A special type of rebellion, and those you could benefit most from, are the Loyalists. Such rebellions can be formed in many ways – they can emerge without your direct control, if you have strong influence in foreign lands that have high rebel risk or if your own loyal provinces are occupied by an enemy - people that love their king and nation, and are ready to risk their life defending it. You can also turn enemy knights to your loyalist rebels in various ways, e.g. bribing a foreign marshal to fight against his unworthy ruler. Loyalists are also not such renegades as normal rebels – they do not attack the kingdom they are loyal to and its allies, nor pillage their settlements. You can even fight side by side with loyalists, though you’ll be unable to directly control their armies. Once the time for independence comes, they always join the kingdom they are loyal to or form it once again, if it has been previous eliminated; leaders and generals can join the royal court, respectively.

Another thing we wanted to reinforce is providing incentives for players to fight against rebels in the foreign lands of their friends and good neighbors. Your armies grow more experienced in the battles they undertake, you get the gold these rebels have pillaged, relations with the attacked kingdom improves, since you help them with the threat. You reduce the tension in your own neighboring provinces, since rebels nearby can cause it, even if they are not within your kingdom. Finally, you don’t want immensely strong rebellions growing near you anyway, since their armies might march towards you as well! In many cases, this is more than a worthy motivation to get involved. Though, sometimes it also may be fun to stay calm and watch the neighboring lands burn and fade, especially if you have plans to take a piece of the falling kingdom afterwards.

The bottom line is that we put a lot of focus and attention in trying to make rebels not just a tedious problem that players must deal with in one possible manner – extermination – but rather allow more strategies for how to face them and even to use them to your advantage.


We will talk more on this topic in our DevStream on Thursday, June 11th, @ 3:00 PM GMT / 11:00 AM EST. The Twitch stream will be hosted on the THQ Nordic channel: http://twitch.tv/thqnordic and we’ll be grabbing responses from this post as well as answering questions live during the stream.

We’d love to hear your thoughts! Do you find rebel armies an important part of the KoH series, or rather something tiresome to deal with? Do you prefer just to deal with the emerging rebels by force or prefer to make some effort in keeping your population calm – and by making them happy or instilling fear? What reactions of the disobedient population do you find interesting – maybe strikes, crimes, robberies and corruption, or something fancier? Or do you prefer less significant events to be left out of the game and focus just on the important stuff – rebellions?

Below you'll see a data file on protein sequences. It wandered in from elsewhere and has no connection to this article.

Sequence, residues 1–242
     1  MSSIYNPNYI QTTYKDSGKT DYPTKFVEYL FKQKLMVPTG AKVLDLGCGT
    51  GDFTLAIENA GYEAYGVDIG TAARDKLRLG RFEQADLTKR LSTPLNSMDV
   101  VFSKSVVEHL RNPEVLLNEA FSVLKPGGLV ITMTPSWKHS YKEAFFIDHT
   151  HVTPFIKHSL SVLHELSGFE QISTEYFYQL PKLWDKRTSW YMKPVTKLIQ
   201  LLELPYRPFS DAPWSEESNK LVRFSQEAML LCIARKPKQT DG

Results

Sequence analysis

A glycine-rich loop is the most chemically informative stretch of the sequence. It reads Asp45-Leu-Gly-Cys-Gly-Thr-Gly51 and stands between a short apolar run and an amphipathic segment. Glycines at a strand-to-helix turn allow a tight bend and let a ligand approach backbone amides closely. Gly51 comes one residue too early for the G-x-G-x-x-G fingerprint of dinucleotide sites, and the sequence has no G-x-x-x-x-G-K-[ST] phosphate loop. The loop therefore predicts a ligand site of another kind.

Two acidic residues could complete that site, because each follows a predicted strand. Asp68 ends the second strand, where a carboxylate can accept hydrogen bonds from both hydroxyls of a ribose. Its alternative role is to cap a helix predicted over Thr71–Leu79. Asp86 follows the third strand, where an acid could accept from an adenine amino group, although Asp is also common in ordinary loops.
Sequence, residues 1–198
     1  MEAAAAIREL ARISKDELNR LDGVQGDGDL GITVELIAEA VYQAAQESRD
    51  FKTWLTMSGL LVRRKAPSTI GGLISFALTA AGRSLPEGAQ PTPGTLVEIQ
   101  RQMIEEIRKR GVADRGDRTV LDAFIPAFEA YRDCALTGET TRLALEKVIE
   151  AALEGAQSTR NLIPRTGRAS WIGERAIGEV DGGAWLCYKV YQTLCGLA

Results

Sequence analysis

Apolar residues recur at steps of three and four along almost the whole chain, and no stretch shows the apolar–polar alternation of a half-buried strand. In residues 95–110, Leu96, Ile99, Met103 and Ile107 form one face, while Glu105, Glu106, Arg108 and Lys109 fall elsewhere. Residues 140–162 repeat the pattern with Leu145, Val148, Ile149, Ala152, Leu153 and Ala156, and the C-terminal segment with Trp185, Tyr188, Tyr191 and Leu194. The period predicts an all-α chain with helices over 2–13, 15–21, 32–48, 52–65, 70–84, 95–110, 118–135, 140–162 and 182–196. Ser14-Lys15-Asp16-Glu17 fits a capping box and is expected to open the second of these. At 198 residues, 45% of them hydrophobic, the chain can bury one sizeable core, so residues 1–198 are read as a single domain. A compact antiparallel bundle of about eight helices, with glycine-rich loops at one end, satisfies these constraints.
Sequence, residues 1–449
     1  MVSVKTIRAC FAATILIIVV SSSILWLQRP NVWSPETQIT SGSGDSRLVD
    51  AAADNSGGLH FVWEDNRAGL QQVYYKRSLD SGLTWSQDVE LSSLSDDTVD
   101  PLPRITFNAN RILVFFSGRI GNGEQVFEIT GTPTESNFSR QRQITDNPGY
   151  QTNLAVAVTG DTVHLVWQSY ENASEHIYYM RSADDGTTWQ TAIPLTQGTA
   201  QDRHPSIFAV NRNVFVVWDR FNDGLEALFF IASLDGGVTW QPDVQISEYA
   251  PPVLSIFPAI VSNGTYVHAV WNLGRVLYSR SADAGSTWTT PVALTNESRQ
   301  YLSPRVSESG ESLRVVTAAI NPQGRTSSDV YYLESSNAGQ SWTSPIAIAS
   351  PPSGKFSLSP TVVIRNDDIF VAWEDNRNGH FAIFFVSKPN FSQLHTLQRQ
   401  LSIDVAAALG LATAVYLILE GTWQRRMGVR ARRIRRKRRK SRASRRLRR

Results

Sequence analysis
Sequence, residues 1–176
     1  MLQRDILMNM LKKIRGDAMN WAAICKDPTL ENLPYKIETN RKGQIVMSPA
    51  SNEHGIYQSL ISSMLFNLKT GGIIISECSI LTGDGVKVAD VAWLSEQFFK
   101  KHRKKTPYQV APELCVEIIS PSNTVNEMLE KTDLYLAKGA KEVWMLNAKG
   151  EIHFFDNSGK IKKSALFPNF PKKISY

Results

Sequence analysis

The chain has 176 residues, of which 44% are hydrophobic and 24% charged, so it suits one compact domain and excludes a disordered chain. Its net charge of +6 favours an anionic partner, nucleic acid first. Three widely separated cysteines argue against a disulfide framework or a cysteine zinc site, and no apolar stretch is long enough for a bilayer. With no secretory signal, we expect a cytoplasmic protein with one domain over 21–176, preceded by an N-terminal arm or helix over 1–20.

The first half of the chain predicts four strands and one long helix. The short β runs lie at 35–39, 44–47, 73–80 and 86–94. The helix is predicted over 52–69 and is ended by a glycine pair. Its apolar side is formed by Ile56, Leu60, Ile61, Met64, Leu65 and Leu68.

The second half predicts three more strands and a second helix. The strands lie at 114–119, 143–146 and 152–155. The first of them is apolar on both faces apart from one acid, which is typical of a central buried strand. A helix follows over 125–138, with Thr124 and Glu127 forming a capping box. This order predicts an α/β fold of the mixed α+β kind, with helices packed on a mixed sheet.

Next time we will take a break from the gameplay and talk about another significant aspect of the game – Audio design and Music. Until then, we bid thee farewell. Go forth and conquer!

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Will rebel armies still be composed of mostly peasants like in KoH I or will they be a bit more diverse (stronger) when it comes to units they have?

Low developed provinces could spawn weak ie. mostly peasant armies while well developed ones could be a challenge to deal with.


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Sorry I was a bit late to the posting. My question is:

Is it possible for the rebels to not only form new kingdoms and join existing ones but to maybe start some sort of political, social or cultural revolution? I am of course making an homage to the French and English Revolutions. But it could be very fun to see huge rebellious armies taking control of the kingdom and radically changing a bunch of laws or the equivalent. 

P.S I am very impressed with the development aim on making rebellions more engaging and interesting compared to the first game. This sounds like it will make a great improvement over the first. EXCITED !!!! 


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Will captured rebels, enemy knights, spies occupy royal court slots like in original KOH? I think they should not and suggest for prisoners to be kept outside of royal court.

Another question is way are coastal cities right on the edge of the land like Lisbon in the picture above? I think I saw same thing on the picture of Barcelona. Why those cites are not placed little bit inland with the harbor on the coastline like in original KOH.


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12 minutes ago, Prince of Zeta said:

Will captured rebels, enemy knights, spies occupy royal court slots like in original KOH? I think they should not and suggest for prisoners to be kept outside of royal court.

No. Having them occupy a slot makes you decide whether or not it is better to keep them in prison or get rid of them.  If they were stored in a separate place, it takes away some of the strategy involved.

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2 minutes ago, Lighthope said:

No. Having them occupy a slot makes you decide whether or not it is better to keep them in prison or get rid of them.  If they were stored in a separate place, it takes away some of the strategy involved.

I agree having them occupy a slot gives more complexity, but once you fill up slots with knights, merchants etc. you lose option of having prisoners. If you have separate place to keep prisoners with limited number of prison cells you could have option of having prisoners throughout the entire playing time and make it part of your strategy whether you will ransom, execute them or just keep them until they die.